Google is the latest tech company to buy into drones

Amazon's building unmanned aerial devices, Facebook bought solar-power drone company Ascenta and now its Google's turn with its acquisition of Titan Aerospace.

Google has purchased Titan Aerospace–the same solar-powered drone company Facebook was reportedly in talks to buy –for an undisclosed amount. 

The acquisition, which was first reported by the Wall Street Journal, illustrates Google's effort to reach new users–many of whom are located in remote, isolated areas without Internet access. The search engine giant reportedly plans to have Titan staff work closely with its Project Loon , which uses weather balloons to bring Internet access to remote areas of the world according to WSJ.

Project Loon was launched in June 2013 with an experimental pilot in New Zealand and an ongoing series of research flights are being conducted in California's Central Valley. 

Titan Aerospace, a New Mexico-based startup, has developed an autonomous solar-powered aircraft designed to stay aloft at 65,000 feet (far above air traffic) for up to five years. The aircraft, called the Solara, was unveiled last year at the Association for Unmanned Vehicle Systems International, the world's largest trade show for unmanned planes, vehicles and ships.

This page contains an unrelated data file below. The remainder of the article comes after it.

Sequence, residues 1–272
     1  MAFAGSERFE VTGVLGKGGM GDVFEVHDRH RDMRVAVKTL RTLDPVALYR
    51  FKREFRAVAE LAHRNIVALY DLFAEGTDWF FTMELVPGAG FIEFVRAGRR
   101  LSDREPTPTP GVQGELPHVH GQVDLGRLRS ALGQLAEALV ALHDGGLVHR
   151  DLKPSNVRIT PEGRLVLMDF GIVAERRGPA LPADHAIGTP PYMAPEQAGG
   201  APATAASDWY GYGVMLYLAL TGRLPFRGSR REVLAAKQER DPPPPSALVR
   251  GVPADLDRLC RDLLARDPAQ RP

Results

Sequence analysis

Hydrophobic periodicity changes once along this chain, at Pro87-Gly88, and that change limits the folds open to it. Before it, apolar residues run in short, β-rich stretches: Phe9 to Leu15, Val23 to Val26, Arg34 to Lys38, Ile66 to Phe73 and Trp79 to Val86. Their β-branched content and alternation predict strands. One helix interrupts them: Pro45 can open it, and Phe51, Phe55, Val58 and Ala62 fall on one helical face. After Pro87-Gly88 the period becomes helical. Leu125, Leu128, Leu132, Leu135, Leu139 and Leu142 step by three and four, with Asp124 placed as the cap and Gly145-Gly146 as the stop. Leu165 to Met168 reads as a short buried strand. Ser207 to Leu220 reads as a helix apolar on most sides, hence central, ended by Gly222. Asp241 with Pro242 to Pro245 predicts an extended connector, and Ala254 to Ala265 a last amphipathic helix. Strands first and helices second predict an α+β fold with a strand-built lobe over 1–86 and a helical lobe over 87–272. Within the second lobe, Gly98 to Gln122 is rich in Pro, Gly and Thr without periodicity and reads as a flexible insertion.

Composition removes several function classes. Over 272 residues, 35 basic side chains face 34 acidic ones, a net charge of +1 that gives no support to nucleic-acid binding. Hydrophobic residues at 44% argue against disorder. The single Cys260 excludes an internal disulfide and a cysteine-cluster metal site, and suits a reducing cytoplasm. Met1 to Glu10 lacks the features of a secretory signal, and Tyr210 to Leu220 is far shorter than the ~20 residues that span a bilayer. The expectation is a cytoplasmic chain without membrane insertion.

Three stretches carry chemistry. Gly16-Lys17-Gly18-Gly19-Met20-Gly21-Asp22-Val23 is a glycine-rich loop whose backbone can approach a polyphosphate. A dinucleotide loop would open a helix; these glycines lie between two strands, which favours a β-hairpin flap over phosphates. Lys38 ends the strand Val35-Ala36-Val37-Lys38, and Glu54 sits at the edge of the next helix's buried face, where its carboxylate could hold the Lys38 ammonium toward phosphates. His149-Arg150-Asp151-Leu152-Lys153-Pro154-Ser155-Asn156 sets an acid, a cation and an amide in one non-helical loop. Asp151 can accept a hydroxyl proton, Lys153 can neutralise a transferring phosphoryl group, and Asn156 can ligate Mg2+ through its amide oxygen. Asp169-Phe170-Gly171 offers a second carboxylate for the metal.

The company markets its aircraft as a cheaper, easier-to-use alternative to launching space satellites. The drones can be used for Earth imaging, communications and even weather monitoring. Initial commercial operations for its line of Solara aircrafts are expected in 2015, according to information once posted on the company's website. Titan's website no longer has any of this information, and instead just displays basic information about Google's purchase. 


At Titan Aerospace, we’re passionate believers in the potential for technology (and in particular, atmospheric satellites) to improve people’s lives. It’s still early days for the technology we’re developing, and there are a lot of ways that we think we could help people, whether it’s providing internet connections in remote areas or helping monitor environmental damage like oil spills and deforestation. That’s why we couldn’t be more excited to learn from and work with our new colleagues as we continue our research, testing and design work as part of the Google family.

This post was originally published on Smartplanet.com

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